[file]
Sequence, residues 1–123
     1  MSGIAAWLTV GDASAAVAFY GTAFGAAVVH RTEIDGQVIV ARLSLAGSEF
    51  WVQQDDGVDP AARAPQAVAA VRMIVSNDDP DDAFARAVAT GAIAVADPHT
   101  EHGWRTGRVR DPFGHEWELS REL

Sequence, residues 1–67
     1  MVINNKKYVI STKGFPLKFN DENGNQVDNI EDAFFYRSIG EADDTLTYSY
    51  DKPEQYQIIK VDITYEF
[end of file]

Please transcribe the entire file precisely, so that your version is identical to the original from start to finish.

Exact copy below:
Sequence, residues 1–123
     1  MSGIAAWLTV GDASAAVAFY GTAFGAAVVH RTEIDGQVIV ARLSLAGSEF
    51  WVQQDDGVDP AARAPQAVAA VRMIVSNDDP DDAFARAVAT GAIAVADPHT
   101  EHGWRTGRVR DPFGHEWELS REL

Sequence, residues 1–67
     1  MVINNKKYVI STKGFPLKFN DENGNQVDNI EDAFFYRSIG EADDTLTYSY
    51  DKPEQYQIIK VDITYEF